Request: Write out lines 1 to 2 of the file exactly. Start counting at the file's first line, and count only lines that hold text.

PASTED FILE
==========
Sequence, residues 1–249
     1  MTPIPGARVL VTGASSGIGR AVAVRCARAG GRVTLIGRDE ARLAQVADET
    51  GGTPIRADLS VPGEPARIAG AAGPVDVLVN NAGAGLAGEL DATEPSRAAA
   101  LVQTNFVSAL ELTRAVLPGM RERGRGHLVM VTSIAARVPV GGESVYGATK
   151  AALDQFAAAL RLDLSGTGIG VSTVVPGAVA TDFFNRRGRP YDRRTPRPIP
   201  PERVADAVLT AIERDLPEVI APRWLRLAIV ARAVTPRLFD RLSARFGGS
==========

Sequence, residues 1–249
     1  MTPIPGARVL VTGASSGIGR AVAVRCARAG GRVTLIGRDE ARLAQVADET